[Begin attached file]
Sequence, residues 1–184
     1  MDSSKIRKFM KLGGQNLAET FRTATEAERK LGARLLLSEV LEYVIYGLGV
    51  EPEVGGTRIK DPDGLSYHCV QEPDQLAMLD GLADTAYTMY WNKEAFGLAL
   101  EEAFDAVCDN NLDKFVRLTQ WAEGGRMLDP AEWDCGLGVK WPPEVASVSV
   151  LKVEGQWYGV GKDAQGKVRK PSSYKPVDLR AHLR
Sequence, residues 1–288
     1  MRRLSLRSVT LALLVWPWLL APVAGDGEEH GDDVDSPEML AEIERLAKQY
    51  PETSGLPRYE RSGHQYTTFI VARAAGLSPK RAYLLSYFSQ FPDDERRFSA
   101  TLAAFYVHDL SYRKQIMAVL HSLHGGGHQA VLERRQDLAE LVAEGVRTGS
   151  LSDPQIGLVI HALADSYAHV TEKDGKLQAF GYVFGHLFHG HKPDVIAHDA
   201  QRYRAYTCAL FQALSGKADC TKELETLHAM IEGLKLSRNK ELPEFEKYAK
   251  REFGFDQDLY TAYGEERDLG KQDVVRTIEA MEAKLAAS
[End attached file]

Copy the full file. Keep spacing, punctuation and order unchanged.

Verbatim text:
Sequence, residues 1–184
     1  MDSSKIRKFM KLGGQNLAET FRTATEAERK LGARLLLSEV LEYVIYGLGV
    51  EPEVGGTRIK DPDGLSYHCV QEPDQLAMLD GLADTAYTMY WNKEAFGLAL
   101  EEAFDAVCDN NLDKFVRLTQ WAEGGRMLDP AEWDCGLGVK WPPEVASVSV
   151  LKVEGQWYGV GKDAQGKVRK PSSYKPVDLR AHLR
Sequence, residues 1–288
     1  MRRLSLRSVT LALLVWPWLL APVAGDGEEH GDDVDSPEML AEIERLAKQY
    51  PETSGLPRYE RSGHQYTTFI VARAAGLSPK RAYLLSYFSQ FPDDERRFSA
   101  TLAAFYVHDL SYRKQIMAVL HSLHGGGHQA VLERRQDLAE LVAEGVRTGS
   151  LSDPQIGLVI HALADSYAHV TEKDGKLQAF GYVFGHLFHG HKPDVIAHDA
   201  QRYRAYTCAL FQALSGKADC TKELETLHAM IEGLKLSRNK ELPEFEKYAK
   251  REFGFDQDLY TAYGEERDLG KQDVVRTIEA MEAKLAAS